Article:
Sen. Bob Kerrey

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Ruled out 2000 presidential bid on December 13, 1998 at BACK PAC economic summit in Omaha, Nebraska.          


J. Robert Kerrey, Democrat, of Omaha, Nebraska.
Current U.S. Senator from Nebraska; first elected in 1988, faces re-election in 2000.  Serves on the Senate Finance Committee and the Senate Agriculture, Nutrition and Forestry Committee and is vice chairman of the Senate Select Committee on Intelligence. 
Member of the National Bipartisan Commission on the Future of Medicare. 
Chairs a multi-candidate PAC, Building America's Conscience and Kids (BACK PAC), he founded in March 1998.  
Has been working on a book. 
Career Chairman of the Democratic Senatorial Campaign Committee from January 1995-late 1998.  
Co-chair, with Rep. Rob Portman, of the National Commission on Restructuring the Internal Revenue Service, which released its final report in June 1997.  
Co-chair, with Sen. John Danforth, of the Bipartisan Commission on Entitlement and Tax Reform, which released its final report in January 1995.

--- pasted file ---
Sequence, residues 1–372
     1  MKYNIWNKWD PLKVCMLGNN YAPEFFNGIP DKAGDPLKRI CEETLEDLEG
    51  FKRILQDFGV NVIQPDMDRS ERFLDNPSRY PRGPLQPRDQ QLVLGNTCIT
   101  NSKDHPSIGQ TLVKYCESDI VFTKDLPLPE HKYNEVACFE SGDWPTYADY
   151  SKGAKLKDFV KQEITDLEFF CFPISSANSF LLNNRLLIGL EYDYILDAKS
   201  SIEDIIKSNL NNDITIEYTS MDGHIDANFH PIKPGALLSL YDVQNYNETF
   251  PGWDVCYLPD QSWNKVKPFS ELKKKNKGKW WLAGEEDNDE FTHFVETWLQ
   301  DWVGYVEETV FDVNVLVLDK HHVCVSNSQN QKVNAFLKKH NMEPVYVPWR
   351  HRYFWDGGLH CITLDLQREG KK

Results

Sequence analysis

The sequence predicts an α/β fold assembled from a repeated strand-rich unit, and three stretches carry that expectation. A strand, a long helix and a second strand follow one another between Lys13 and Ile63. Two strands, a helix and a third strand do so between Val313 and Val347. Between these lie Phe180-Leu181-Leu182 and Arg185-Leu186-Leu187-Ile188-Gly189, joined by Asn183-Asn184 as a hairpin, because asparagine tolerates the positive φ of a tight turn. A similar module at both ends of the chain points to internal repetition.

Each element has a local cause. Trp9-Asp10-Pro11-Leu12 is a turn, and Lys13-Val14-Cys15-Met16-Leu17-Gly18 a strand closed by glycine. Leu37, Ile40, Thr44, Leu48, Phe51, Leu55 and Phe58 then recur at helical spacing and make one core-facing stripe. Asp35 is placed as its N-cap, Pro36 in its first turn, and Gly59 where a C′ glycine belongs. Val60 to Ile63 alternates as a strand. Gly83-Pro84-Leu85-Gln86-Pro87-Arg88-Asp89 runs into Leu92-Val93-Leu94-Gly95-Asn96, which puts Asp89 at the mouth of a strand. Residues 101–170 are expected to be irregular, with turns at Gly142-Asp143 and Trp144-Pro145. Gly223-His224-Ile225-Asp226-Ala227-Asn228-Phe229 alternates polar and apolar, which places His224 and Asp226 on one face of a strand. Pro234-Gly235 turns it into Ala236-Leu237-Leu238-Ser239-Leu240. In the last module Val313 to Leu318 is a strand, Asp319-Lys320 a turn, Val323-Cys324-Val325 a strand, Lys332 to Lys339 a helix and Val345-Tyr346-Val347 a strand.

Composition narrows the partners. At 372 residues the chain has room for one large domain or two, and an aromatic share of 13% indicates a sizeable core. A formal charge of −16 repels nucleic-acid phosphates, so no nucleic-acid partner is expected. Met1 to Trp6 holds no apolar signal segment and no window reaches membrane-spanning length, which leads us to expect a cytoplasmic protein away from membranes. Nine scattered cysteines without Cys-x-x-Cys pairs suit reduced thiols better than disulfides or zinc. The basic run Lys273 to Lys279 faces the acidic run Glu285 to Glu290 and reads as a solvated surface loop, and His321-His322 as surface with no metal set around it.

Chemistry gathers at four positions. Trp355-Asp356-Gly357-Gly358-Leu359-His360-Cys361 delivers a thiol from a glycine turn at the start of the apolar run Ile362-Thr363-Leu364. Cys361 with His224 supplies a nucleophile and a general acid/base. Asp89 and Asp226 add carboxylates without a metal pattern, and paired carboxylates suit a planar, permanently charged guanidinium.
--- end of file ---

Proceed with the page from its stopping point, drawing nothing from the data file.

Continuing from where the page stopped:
Unsuccessfully sought the 1992 Democratic presidential nomination, emphasizing health care reform.  
Elected to the U.S. Senate in 1988; re-elected in 1994.  
Elected Governor of Nebraska in 1982, defeating an incumbent Republican; served one term, 1983-87.  
Starting from scratch in 1972, built a successful chain of restaurants and health clubs.  
U.S. Navy, 1966-69, served in the elite Navy SEAL team.  Wounded in Vietnam, Kerrey was awarded the Congressional Medal of Honor. 
Education University of Nebraska at Lincoln, BS in Pharmacy, 1966.  
Family Divorced.  Two children, Benjamin and Lindsey.    
Religion Congregationalist.    
Age 55 years old.  Born August 27, 1943 in Lincoln, Nebraska.     

Robert D. Novak. "True Medal." National Review, October 26, 1998, p. 22-25. > 

Craig Winneker. "What About Bob?" Capitol Style, June 1998. 

Democratic Leadership Council Conference, Washington, DC, December 2, 1998 > 

    In this speech, delivered to a key Democratic constituency group eleven days before he announced he would not run for president in 2000, Sen. Kerrey discussed Social Security and, more generally, entitlement programs.  Going beyond the "Save Social Security" rhetoric, Kerrey has proposed to cut payroll taxes and create individual wealth accounts that would be opened for every child at birth. Kerrey, a member of the National Bipartisan Commission on Medicare Reform, did not mince words on the subject of entitlement programs, suggesting replacing Medicare, Medicaid, the Veterans Administration and the income tax deduction with a single program.

Copyright 1998, 1999  Eric M. Appleman/Democracy in Action.                        Page Archived January 1999.